An up-to-date resource on looking after your mental health during the Coronavirus outbreak
The Coronavirus and the uncertainty around what might happen is likely to take its toll on many. The constant news about the pandemic has at times felt relentless, and it’s left people feeling lost, fearful, uncertain about the future and anxious.
We wanted to let you know that if you’re struggling to manage your mental health during this period, you’re not alone. And throughout this undoubtedly tough period, we wanted to provide an up-to-date resource helping you manage your mental health during the Coronavirus outbreak.
Quickly find what you’re looking for:
*Throughout this period, we’ll be adding to this article with free advice to help you manage your mental health.
Managing Anxiety During The Coronavirus
Dealing with anxiety through times of panic and uncertainty
Over the last few days and weeks, all of us will have become more aware of the coronavirus and the impact it is having on our day to day lives. Changes to our daily routines can often be hard to adjust to, this is especially true, when we consider the circumstances under which these circumstances are happening. It is completely natural for us to worry and feel anxious, what is important is that we try to manage our wellbeing in a healthy way and also support those around us.
Firstly, it is important to understand what may be causing anxiety. This is still important if you do not personally feel anxious, as it is key that we show empathy to others through the coming weeks and months. Together, we can make a difference.
The below are some of the concerns family, friends or colleagues may experience in relation to COVID 19 causing them anxiety.
- Becoming infected
- Potentially carrying the virus and spreading it
- Infection and death rates
- Concern for elderly relatives
- Parents worried about their children..
- Economic impact
- Personal finances
- Losing your job
- Loss of business income
- Shortages of food and consumer goods
- Self isolation and loneliness.
It is key to remember that we are all different with regards to what causes anxiety and also the impact it has on us physically.
Anxiety On The Body
- A churning feeling in your stomach
- Feeling light-headed or dizzy
- Pins and needles
- Feeling restless or unable to sit still
- Faster breathing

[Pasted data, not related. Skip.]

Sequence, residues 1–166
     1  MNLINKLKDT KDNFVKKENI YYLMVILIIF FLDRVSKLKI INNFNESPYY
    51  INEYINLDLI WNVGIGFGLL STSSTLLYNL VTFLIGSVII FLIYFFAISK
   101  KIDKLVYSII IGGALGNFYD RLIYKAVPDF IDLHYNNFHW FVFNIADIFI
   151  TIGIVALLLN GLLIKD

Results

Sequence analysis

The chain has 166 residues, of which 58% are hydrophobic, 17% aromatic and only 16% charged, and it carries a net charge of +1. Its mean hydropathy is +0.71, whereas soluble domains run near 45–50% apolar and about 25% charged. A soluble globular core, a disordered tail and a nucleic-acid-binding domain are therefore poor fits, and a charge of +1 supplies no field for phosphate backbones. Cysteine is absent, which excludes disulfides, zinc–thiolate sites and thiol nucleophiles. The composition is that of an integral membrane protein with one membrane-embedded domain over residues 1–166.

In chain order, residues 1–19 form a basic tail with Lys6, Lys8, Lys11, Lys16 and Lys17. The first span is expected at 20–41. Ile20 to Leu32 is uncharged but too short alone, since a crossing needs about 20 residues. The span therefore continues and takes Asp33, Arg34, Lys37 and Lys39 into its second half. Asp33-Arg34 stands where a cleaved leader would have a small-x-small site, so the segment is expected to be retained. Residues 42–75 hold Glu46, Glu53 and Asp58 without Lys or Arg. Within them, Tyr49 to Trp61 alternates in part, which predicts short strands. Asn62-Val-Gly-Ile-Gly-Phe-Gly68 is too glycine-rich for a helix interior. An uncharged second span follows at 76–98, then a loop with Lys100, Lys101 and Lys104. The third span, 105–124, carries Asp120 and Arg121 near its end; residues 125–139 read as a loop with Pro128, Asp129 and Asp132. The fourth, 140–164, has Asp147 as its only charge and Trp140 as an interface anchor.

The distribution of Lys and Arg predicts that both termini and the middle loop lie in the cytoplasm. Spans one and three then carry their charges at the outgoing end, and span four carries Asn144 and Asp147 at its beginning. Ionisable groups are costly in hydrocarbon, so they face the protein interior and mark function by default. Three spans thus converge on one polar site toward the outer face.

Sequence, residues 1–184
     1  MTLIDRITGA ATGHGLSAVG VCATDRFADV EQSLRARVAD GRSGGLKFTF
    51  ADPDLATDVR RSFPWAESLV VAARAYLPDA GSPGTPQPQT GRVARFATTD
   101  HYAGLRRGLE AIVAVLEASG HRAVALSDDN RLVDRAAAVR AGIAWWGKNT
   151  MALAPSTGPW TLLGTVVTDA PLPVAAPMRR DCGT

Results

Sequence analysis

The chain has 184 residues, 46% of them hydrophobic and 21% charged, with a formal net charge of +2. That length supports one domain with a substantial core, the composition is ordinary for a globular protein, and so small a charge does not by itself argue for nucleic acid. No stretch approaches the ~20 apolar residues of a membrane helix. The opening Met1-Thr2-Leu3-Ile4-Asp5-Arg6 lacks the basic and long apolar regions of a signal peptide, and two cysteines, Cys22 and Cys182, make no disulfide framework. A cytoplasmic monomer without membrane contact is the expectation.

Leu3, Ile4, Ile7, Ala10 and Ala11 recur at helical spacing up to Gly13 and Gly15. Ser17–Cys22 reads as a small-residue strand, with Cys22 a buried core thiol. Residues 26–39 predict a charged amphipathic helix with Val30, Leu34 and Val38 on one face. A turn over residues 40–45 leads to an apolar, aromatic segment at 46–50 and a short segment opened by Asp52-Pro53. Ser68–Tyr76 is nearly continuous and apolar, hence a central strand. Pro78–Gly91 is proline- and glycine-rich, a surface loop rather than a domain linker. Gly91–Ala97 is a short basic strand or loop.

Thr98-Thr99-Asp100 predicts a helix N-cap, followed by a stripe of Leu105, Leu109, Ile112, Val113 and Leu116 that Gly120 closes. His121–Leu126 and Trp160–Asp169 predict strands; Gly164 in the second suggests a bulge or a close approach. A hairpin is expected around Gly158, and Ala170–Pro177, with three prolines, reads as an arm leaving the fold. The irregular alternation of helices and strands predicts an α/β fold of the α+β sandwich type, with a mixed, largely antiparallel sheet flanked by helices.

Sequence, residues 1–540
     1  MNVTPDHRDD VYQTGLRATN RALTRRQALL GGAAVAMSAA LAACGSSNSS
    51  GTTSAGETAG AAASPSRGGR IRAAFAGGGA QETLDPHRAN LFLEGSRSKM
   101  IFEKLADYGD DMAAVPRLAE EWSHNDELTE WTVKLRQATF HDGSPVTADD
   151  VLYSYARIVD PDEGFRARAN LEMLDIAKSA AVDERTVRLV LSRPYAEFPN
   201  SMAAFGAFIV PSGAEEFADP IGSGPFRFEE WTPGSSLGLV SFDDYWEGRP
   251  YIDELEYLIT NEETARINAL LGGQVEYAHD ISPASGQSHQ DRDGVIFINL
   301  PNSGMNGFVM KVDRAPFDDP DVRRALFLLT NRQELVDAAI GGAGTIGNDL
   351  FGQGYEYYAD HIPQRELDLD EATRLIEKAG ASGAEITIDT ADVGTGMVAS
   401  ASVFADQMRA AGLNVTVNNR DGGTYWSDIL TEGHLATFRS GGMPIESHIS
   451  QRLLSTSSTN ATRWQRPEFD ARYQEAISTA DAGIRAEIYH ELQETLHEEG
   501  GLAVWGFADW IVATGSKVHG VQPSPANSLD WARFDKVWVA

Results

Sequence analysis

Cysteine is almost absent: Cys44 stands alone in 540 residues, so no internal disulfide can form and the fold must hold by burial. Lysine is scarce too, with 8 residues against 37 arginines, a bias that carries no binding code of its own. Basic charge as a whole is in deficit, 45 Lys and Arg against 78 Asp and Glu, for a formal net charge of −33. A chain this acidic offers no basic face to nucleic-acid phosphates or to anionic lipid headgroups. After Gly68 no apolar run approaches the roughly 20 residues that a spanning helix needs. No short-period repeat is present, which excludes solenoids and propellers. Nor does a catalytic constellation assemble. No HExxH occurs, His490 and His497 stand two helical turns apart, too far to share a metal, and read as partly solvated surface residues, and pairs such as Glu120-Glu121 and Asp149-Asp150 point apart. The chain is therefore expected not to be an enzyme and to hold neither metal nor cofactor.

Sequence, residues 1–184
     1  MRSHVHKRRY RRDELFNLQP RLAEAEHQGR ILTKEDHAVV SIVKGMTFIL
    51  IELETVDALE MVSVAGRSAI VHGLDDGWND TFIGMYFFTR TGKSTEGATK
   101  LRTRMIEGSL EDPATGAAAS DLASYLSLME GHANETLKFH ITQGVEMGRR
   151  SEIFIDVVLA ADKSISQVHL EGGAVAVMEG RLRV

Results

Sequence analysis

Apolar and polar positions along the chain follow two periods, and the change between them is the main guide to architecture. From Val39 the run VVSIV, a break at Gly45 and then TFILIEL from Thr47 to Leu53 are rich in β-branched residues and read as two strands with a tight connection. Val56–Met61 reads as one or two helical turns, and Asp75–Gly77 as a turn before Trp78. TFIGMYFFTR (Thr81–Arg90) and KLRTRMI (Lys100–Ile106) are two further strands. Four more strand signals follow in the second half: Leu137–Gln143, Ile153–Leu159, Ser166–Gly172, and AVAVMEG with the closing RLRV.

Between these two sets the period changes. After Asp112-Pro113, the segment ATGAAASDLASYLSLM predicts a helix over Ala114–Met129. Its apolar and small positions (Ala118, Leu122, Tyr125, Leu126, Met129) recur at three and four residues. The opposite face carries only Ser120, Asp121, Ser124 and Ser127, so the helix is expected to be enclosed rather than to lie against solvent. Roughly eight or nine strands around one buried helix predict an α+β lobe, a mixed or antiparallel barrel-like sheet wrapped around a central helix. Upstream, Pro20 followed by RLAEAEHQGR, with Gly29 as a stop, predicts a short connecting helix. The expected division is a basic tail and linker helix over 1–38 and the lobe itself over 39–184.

- Sweating or hot flushes
- Problems sleeping
- Having panic attacks
Anxiety On The Mind
- Feeling tense, nervous or unable to relax
- Having a sense of dread, or fearing the worst
- Feeling like the world is speeding up or slowing down
- Feeling like other people can see you’re anxious and are looking at you
- Worrying that you’re losing touch with reality
- Rumination – thinking a lot about bad experiences, or thinking over a situation again and again
- Depersonalisation – feeling disconnected from your. mind or body, or like you’re watching someone else (this is a type of dissociation)
- Worrying a lot about what might happen in the future
13 Tips To Manage Your Anxiety During The Covid-19 Outbreak
It is likely you will feel some anxiety, what is vital is that we keep this in check. Here are 13 tips on how to manage your anxiety during this uncertain period…
1. Limit Your Exposure To The News
It is natural to want to keep up to date with latest news, but if we are checking the news too often this can feed the anxiety. Try to set yourself allocated times to catch up on the news.
It may help signing up to receive email updates from the UK Gov and allow this to be your way of staying informed. However, limit yourself to receiving daily or weekly updates. Receiving instant updates may only feed the anxiety.
2. Limit Your Time on Social Media
This is a good practice to implement in your day to day lives, social media has many benefits but it can also cause anxiety. Hide or remove anyone that may be posting content online that is not helpful or inducing your anxiety.
3. Stick To The Facts
4. Have Some Worry Time
Allocate a specific time to process your worries, write them down if this helps. Once your allocated time is up make sure you go and do something else.
5. Be Digitally Social
Make use of technology. Use this time to catch up with friends, contact someone you may have lost touch with and reminisce with them.
Arrange a group video call, maybe agree to all watch the same movie or read a book and talk about it.
6. Discuss Your Fears With Someone You Trust
Share your feelings with someone. If you do not talk to others about your concerns you may get caught up in your own negative thoughts.
Try and pick someone you trust, maybe that person often has different points of view to you, which can help give you a different perspective.
7. Do The Things You Enjoy
Remember to include things you enjoy in your daily routine. Whether that’s giving yourself an hour to watch your favourite program, read a book or complete a crossword. It’s important we still routinely include our positive activities in our day to day.
8. Be Mindful
Try and be in the moment. Mindfulness techniques are a great way to ground us and bring us back to reality. There are plenty of mindfulness techniques, more common ones being yoga, meditation or general breathing techniques. Other rituals such as creating a vision board, journalling or story telling can also have a positive impact.